When Gioachino Rossini, the most revered figure in modern Italin music, died in 1868, Verdi along with other contemporaries of Rossini, was asked to compose a requiem mass in his honor. The project collapsed and Angelo Mariani, who was to have conducted the performance, seemed to Verdi less than wholehearted in his support. Five years later, Verdi reworked his "Libera Me" section of the Rossini Requiem and made it a part of his Requiem Mass, honoring the famous novelist and poet Alessandro Manzoni, who had died in 1873. The complete Requiem was first performed at the cathedral in Milan on 22 May 1874.
In 1873, while waiting in a Naples hotel for a production of Aida, Verdi wrote a string quartet, the only instrumental composition of his maturity. After 1873 the maestro considered himself retired, at long last, from that world of opera to which he had been bound for so many years in a love-hate relationship. He settled in at Sant’Agata, where the same iron hand and obsessive attention to detail that he had applied to operatic rehearsals came to control all aspects of his farming enterprise.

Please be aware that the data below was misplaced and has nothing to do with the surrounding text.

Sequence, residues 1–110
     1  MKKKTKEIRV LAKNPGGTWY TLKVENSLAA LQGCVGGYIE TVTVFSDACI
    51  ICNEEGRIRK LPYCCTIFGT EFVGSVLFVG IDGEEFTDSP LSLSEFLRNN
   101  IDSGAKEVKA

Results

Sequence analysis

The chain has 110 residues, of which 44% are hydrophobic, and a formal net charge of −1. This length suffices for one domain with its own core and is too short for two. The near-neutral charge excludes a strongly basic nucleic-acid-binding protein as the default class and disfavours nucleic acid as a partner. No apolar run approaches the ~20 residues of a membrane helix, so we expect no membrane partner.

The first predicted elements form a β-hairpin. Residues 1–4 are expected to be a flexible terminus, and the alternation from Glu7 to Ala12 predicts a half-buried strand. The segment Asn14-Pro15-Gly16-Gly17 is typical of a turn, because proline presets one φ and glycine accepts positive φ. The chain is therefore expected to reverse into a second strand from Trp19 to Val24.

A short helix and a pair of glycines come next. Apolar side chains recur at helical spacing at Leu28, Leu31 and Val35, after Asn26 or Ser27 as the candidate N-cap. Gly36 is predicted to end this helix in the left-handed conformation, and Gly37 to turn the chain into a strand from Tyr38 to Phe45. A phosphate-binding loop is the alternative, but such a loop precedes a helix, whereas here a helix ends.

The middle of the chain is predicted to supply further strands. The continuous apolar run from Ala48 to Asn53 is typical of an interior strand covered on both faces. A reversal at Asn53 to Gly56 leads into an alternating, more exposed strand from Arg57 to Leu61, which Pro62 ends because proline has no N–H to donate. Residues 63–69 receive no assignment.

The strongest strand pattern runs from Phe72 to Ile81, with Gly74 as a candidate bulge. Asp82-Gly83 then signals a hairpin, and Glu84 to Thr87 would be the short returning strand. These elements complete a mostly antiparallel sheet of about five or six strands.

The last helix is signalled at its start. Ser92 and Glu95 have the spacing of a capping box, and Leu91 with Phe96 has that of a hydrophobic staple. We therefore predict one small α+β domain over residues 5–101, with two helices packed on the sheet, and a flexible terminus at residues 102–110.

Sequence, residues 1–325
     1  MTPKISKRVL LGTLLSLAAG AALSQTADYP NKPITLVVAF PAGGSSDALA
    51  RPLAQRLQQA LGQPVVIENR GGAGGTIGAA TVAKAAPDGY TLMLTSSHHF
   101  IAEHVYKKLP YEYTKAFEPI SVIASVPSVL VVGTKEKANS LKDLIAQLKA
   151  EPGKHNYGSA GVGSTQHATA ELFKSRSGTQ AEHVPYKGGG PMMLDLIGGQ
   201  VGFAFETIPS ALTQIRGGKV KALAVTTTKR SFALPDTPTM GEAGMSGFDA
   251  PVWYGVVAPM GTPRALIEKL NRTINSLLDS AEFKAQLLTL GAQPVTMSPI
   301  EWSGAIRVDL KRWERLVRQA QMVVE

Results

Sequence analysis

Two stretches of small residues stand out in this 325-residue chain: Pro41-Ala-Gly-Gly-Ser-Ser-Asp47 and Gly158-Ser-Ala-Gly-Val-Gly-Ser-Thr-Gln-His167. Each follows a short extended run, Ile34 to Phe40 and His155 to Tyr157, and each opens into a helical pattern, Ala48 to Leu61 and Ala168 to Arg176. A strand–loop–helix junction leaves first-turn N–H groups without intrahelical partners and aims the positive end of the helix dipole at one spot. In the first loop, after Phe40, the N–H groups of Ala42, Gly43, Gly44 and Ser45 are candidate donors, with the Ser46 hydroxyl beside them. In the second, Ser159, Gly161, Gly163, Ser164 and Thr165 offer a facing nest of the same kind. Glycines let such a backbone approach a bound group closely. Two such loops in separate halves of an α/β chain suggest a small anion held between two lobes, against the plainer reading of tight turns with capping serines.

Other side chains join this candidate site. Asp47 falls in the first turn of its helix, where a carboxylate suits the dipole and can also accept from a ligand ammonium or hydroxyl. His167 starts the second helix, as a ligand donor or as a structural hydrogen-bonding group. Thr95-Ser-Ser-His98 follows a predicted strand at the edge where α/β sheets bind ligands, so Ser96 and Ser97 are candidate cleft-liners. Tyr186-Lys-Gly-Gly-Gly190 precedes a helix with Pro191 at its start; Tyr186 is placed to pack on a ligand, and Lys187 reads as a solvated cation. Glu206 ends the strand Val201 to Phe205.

Verdi's predecessors who influenced his music were Rossini, Bellini, Giacomo Meyerbeer and, most notably, Gaetano Donizetti and Saverio Mercadante. Some strains in Aida suggest at least a superficial familiarity with the works of the Russian composer Mikhail Glinka, whom Franz Liszt, after his tour of the Russian Empire as a pianist, popularized in Western Europe. His operas move rapidly, with unerring dramatic rhythm. He developed a whole new musical vocabulary, which broadened the role of the orchestra without compromising the primacy of the voice. He introduced a range of subject matter never before touched in opera; the later Verdi could be subtle, gentle, and atmospheric as well as powerful. Generations of listeners the world over, in and out of the opera house, have loved Verdi’s melodies. The best of them serve the drama, capturing his characters’ emotions with a warmth and directness achieved by few other composers.
Here  you can find a complete list of Giuseppe Verdi's compositions.